It’s really hard to know where to start with Hans Neuenfels’ Die Fledermaus. It’s a prodcuction that enraged the more conventional patrons when it opened at the Salzburg Festival in 2001. It even provoked a “false pretences” lawsuit! There is so much going on that it almost seems to call for a catalogue raisonnée of the various scenes though one fears that would actually be both tedious and unhelpful. Let’s try instead to explore it thematically. Neuenfels takes very considerable liberties with the libretto. A lot of dialogue is cut, a lot is added and numerous non-canonical characters are inserted. That’s just a start.
The overture plays out the Falke/Eisenstein back story in dance. Falke’s prominent bat proboscis is sexually indulged in assorted ways by the female dancers. Here’s the first obvious theme. There’s a lot of sex in this production but nobody is enjoying it much. Then we meet the Eisenstein family. There’s a lot of repressed violence. The Eisenstein children, the first of many interlopers, come over rather like Hänsel and Gretel in a rather grim production. The family seems completely dysfunctional in an entirely conventional bourgeois way. Does it in fact stand for the Patriarchy? Later “Gretel” will get felt up by her father and raped by her brother. In the last scene of Act 3 “Hänsel” shoots first “Gretel”, then himself. In between they don’t have much fun.
Then there’s the female Frosch who appears at odd moments spouting apparently random verse. There’s a particularly poignant piece about baby rats in a corpse. And she gets to beat up Adele in Act 3. The take on Orlofsky is quite extreme too. He’s a coke addled rasta who doesn’t really sing. Rather he grunts and squeals in an extremely peculiar manner. He’s right on the edge and has to be fed pills by Falke. If Falke is an MD he’s clearly in the same mould as Michael Jackson’s physician. And so it goes on. There’s a disco and zombies at Orlofsky’s party. Nazis appear to beat up Dr. Blind. etc etc. Overall there are lots of ideas but equally many loose ends. It’s quite stimulating but also curiously unsatisfying. And there’s not a Champagne bottle or glass to be seen.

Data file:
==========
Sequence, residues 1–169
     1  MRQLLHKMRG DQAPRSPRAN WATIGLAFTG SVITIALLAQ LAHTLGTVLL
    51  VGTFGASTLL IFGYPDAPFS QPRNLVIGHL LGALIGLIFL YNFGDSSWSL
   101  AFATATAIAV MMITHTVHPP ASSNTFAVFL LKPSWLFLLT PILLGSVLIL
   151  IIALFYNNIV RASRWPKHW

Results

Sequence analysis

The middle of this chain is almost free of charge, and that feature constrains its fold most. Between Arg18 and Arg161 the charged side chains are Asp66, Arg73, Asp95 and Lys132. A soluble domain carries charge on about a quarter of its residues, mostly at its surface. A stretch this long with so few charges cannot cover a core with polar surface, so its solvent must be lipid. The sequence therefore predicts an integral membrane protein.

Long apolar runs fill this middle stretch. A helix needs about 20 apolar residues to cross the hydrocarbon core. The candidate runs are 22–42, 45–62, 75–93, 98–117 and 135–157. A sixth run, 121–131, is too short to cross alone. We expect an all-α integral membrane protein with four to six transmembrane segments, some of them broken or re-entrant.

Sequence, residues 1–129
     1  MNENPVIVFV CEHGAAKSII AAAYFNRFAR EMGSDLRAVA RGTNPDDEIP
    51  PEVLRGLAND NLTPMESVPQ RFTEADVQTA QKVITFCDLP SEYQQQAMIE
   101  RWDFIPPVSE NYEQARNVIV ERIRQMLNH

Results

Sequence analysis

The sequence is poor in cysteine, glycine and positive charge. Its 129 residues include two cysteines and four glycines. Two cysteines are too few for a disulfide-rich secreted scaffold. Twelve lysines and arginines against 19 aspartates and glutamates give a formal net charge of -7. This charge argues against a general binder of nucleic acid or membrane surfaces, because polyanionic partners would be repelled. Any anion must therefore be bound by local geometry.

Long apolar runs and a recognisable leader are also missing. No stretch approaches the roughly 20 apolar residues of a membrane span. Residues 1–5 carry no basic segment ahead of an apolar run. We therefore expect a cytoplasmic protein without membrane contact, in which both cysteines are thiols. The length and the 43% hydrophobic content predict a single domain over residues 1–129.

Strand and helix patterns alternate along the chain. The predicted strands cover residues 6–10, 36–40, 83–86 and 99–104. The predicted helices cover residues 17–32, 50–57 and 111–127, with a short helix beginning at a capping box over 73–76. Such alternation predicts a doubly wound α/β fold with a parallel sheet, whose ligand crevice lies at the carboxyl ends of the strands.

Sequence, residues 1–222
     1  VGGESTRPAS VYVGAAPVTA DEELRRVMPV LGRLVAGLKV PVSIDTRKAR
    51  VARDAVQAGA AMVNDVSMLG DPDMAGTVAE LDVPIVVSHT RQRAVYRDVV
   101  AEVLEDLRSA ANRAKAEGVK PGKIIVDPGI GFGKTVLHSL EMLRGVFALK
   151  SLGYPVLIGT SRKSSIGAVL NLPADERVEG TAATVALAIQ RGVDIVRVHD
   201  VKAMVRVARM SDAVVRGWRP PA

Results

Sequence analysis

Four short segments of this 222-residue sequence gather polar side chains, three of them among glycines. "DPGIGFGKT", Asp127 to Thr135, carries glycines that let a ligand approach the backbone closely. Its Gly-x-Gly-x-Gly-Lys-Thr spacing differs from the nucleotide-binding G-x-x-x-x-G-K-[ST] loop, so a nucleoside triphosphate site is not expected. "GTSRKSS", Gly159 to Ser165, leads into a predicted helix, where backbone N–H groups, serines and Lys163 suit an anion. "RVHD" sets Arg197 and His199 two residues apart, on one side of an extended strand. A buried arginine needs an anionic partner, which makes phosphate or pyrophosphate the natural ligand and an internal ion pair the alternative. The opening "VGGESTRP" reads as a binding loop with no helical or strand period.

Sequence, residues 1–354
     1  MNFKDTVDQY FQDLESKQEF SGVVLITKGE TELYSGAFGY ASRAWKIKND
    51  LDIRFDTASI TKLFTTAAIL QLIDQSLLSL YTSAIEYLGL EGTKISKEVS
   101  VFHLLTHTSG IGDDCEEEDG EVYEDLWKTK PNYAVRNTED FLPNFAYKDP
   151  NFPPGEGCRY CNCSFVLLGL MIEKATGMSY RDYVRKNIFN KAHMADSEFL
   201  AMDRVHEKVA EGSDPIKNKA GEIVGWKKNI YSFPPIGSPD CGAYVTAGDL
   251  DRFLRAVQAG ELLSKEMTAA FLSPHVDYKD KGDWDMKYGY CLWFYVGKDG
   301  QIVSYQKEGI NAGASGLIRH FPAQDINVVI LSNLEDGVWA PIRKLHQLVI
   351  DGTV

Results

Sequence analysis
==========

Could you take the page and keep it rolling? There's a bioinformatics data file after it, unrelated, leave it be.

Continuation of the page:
Musically it’s rather unbalanced too. All the men, except maybe the Alfred of Jerry Hadley, are given so much character acting to do with the voice that they don’t really get to do much singing. This is most obvious with David Moss’ Orlofsky but it also means that Christopher Homberger as Eisenstein, Dale Duesing’s Frank and Olaf Bär’s Falke are given few opportunities to show off their considerable vocal talents. The music making rests heavily on the Rosalinde and the Adele. Fortunately these roles are taken by Mireille Delunsch and Malin Hartelius who are more than capable of making the music sing when they get the chance. Hartelius,indeed, is often quite spectacular. The Frosch here is Elisabeth Thissenaar and she really does a good job of dealing with the complex series of tasks she has for she’s not just playing Frosch and reciting a lot of interpolated action she’s also a kind of Chorus commenting on the production and its relationship to the performance tradition of Fledermaus.
Marc Minkowski conducts the Mozarteum Orchestra Salzburg. It’s a perfectly sound, conventional interpretation of the score which can’t help but come off as soundtrackish as there are so many places where music and action seem to be counterpoised rather than integrated. The Arnold Schoenberg Choir also sounds good when it has to but also gets top marks for extreme choral acting. There’s varied and excellent work from a small corps of dancers who have to mange everything from classical ballet moves to getting kicked in the nuts.
The video direction is by Don Kent and he does a decent job of filming a production that tends to sprawl all over the large stage and back wall of the Felsenreitschüle. He’s a bit fond of weird angles, especially shots from below but it’s not too distracting. The picture and Dolby 5.1 sound are quite adequate but not as good as the most recent HD recordings. There are no extras but the booklet contains an essay with a fun description of the unsurprising furore surrounding this production. Subtitle options are German, English, French, Spanish and Japanese.
Traditionalists should definitely stay away from this unless they feel the need for something to get indignant about. Fans of Regietheater will likely find much to like though, in the last analysis, I think it’s a production that has a lot of interesting ideas that don’t get developed into a fully coherent whole.